Cambridge, Mass.--- SLIGHTLY more than a decade ago, we were doing all we could to bring the Soviet Union to its knees. But now the Soviet Union has disappeared as an entity and we find ourselves caught up in a debate, not about applying embargoes, but whether we should send financial help. to that one-time " evil empire."
Certainly the former Soviet Union is in dire need of some form of help.The gross national product, as best we can tell, is down 20 percent to 25 percent, prices are up about 1,000 percent, the harvest is down 30 percent and an even larger percentage of shelves in state stores are empty. But just shipping over American goods won't replenish those shelves.
A good part of the problem is a consequence of distorted incentives and faulty distribution. For example, historically more than 30 percent of the agricultural crop rots in the field or on the way to the store (compared to less than 5 percent in the United States). Complicating the problem, in recent months much of the harvest that didn't rot has been held off the market by peasants waiting for prices to rise even more. In addition, a home-grown mafia has taken control of most private and cooperative retail and restaurant outlets and does everything it can to restrict supplies so that prices will not fall.
Although American aid could well be misappropriated, that should not become an excuse for doing nothing, or near nothing, as the Bush administration proposes. It does mean we have to be careful about how we deliver aid. We must first distinguish between short-term emergency relief and long-term structural help. Moreover, we should concern ourselves primarily with providing the goods and technical help. There should be no cash or blank checks. Such money would probably end up in Swiss or Londonbanks, as much of the former Soviet Union's currency and gold reserves has already done.
For our short-term help to be effective, we will have to insist on being able to distribute the needed food and medicine inside the former union through our personnel and with our own equipment. Admittedly this distribution infringes on the republics' sovereignty. But turning supplies over to the official distribution authorities would be the same as giving the supplies to the mafia.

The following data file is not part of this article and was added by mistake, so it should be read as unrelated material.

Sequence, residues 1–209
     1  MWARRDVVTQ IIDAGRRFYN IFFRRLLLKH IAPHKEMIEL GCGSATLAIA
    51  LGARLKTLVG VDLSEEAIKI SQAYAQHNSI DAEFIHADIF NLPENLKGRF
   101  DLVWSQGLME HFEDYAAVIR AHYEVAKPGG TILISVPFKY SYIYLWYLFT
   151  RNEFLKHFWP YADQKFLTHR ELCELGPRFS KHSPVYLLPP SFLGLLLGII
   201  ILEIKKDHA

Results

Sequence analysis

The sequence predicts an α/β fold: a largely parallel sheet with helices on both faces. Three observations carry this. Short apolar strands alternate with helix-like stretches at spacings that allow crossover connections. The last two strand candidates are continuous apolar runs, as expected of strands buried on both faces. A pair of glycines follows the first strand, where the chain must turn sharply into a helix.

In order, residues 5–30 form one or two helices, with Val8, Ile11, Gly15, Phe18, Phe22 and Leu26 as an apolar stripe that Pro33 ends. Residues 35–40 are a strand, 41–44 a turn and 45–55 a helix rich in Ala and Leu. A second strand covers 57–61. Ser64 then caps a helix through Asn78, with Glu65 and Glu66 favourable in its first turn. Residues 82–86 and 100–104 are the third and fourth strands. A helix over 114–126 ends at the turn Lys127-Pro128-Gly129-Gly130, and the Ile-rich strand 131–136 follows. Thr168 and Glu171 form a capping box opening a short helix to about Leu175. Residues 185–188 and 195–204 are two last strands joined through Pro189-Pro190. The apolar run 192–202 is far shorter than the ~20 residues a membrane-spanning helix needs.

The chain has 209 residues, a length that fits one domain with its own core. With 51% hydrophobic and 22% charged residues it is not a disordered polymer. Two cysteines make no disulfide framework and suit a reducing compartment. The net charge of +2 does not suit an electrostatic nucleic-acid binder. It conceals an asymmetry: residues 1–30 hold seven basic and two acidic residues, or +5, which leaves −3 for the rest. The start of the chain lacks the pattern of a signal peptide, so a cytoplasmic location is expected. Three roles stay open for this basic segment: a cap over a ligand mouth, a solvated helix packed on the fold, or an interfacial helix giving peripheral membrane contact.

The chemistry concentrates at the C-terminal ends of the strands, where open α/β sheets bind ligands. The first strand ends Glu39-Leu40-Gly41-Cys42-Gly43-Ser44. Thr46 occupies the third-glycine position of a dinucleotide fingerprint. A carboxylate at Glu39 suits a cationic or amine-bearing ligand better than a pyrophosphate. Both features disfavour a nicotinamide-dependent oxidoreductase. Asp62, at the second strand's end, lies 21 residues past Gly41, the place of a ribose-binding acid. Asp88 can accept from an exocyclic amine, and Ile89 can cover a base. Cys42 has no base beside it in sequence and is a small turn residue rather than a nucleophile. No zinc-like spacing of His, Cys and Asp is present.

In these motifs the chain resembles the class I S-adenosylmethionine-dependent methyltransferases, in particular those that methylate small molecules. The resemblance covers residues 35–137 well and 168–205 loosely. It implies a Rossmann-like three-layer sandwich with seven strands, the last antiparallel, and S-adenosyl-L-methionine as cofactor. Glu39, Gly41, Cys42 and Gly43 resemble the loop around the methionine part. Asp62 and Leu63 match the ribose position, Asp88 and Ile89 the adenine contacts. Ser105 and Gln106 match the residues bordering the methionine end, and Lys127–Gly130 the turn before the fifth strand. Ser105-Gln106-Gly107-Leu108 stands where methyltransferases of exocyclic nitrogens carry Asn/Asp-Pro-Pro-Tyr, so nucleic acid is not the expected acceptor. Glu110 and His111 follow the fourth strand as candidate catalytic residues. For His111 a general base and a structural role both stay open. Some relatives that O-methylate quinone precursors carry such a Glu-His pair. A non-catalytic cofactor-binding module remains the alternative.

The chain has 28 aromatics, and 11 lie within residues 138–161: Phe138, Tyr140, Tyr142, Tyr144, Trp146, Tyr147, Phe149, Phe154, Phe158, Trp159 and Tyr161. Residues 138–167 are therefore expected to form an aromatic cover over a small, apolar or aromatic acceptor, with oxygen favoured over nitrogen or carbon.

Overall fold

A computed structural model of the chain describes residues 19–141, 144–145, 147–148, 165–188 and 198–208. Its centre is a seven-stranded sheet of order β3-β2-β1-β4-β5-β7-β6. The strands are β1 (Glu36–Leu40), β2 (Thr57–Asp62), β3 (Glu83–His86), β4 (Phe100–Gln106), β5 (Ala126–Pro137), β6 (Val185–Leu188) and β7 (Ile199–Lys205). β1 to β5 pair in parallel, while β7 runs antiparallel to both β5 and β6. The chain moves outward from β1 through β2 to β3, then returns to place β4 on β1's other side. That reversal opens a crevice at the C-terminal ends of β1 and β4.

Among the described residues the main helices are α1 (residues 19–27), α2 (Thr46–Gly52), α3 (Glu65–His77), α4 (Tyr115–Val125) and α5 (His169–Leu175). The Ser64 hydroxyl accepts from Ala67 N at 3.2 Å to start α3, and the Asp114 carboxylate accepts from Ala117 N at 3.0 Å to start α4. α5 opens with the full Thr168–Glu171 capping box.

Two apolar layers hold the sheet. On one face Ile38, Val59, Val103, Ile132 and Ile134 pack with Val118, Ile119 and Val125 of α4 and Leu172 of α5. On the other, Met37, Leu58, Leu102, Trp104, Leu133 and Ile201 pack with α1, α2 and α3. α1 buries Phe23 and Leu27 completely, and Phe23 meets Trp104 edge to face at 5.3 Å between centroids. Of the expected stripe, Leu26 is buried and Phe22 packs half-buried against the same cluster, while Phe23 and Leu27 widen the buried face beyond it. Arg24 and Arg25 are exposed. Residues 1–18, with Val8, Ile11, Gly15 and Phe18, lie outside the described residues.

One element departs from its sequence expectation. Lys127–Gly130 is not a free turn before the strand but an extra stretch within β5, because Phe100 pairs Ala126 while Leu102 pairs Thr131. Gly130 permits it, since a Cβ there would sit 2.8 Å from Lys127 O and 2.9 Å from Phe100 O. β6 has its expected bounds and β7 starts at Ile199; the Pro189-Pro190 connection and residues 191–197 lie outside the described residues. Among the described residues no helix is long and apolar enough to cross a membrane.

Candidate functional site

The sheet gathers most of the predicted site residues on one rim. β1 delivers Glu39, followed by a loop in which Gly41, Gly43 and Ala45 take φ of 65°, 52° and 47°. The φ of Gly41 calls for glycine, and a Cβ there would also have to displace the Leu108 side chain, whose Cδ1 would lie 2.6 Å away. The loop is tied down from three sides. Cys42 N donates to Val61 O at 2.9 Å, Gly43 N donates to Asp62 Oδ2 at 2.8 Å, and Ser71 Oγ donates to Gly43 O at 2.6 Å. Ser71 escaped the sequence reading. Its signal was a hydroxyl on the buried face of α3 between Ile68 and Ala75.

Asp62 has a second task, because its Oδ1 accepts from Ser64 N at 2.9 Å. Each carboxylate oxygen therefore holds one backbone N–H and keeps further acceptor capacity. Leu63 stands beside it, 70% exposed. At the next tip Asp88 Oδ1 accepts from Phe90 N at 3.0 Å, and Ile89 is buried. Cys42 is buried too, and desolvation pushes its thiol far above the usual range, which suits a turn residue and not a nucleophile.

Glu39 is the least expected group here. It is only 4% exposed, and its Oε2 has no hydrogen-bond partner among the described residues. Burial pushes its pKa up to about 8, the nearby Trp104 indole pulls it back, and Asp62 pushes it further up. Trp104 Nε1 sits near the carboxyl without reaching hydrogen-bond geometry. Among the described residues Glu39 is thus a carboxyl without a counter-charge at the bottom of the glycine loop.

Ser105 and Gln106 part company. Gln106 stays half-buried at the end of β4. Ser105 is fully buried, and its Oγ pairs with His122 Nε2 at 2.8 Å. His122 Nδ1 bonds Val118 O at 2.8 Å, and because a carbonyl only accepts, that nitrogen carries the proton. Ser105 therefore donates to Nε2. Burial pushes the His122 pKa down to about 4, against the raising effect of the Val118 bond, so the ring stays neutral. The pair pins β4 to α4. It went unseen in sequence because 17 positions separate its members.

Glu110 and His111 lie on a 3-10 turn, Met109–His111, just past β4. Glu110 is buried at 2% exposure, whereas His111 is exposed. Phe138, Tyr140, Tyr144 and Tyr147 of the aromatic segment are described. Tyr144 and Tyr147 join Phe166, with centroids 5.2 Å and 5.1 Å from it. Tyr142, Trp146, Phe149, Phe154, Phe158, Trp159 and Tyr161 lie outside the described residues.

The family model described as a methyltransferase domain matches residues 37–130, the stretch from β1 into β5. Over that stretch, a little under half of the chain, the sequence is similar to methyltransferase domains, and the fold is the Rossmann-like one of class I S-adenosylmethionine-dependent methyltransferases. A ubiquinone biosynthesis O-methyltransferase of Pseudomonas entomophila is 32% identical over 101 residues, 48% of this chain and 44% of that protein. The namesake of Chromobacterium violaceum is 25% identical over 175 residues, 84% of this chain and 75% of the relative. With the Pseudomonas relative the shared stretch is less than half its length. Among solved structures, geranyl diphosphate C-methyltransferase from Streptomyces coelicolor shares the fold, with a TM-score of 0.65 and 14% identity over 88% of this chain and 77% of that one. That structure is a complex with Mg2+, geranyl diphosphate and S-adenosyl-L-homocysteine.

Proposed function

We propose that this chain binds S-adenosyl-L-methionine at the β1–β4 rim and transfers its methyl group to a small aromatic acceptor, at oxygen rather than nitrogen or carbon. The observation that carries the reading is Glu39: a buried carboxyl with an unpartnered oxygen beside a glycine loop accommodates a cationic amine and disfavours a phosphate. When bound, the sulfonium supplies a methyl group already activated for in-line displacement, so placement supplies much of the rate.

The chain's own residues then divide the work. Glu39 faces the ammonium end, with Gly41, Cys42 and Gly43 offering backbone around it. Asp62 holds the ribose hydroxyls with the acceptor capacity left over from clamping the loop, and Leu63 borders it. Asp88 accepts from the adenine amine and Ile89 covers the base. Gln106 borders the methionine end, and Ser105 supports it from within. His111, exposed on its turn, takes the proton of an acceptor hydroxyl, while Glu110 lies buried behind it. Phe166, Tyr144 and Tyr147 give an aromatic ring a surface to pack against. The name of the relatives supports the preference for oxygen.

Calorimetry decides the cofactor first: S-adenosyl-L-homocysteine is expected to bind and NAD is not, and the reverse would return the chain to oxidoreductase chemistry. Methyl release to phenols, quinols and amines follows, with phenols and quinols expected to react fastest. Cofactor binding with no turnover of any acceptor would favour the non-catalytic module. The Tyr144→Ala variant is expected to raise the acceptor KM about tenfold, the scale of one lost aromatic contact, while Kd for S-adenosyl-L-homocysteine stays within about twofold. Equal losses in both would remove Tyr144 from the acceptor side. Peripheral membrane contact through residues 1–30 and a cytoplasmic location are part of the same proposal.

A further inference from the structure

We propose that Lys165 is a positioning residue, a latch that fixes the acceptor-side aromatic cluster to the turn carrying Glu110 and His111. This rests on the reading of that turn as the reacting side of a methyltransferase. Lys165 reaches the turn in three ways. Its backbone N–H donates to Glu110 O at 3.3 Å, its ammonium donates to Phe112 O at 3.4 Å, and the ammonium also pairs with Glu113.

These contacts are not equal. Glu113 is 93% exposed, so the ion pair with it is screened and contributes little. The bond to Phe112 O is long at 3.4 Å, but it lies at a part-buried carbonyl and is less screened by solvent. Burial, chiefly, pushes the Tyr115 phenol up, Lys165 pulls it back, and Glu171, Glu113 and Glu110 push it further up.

Even so, using our own personnel to override indigenous supply channels does nothing to facilitate the development of a normal, mafia-free distribution network. One way to help develop such a network would be to seek out some of the new entrepreneurs that have emerged. They,in turn, would be required to turn over a share of the ruble proceeds from the sale of the supplies -- both donated and obtained on their own -- to indigenous groups that would use the proceeds for the poor and for other public purposes. In effect, this would be a variation of the food support that has been provided to Third World countries for several decades. The trick is to find enough of these entrepreneurs who are enterprising and bold enough to operate outside the tentacles of the mafia.
Providing technical support or commodities rather than blank checks should also make such programs more appealing to American donors and, if properly done, should make it possible to address the countries' major needs. For example, they desperately need help in creating efficient food storage, distribution and processing. They also lack useful accounting, credit and managerial experience.
There is a potential source available for funding and that is the almost $300 billion spent on our military budget. That does not mean eliminating the entire Army, nor all jobs in American factories producing planes and missiles. It does mean refusing to spend several billion dollars to produce spare parts for a B-2 bomber, or on a plant to produce more tritium for nuclear weapons, or to build a brand-new Air Force base in Italy -- all intended to defend us against a Soviet Union that no longer exists.
The threat today from the old Soviet Union is not war but anarchy and a consequent outpouring of refugees, which will provoke neo-fascism and jeopardize democracy in much of Europe. That is not to ignore our own domestic needs or our own neo-nationalists. Support for the new commonwealth will be a hard decision, but failure to help will have an impact on the United States as surely as will the failure to help our own dispossessed.
Marshall Goldman, professor of economics at Wellesley College, is associate director of Harvard's Russian Research Center.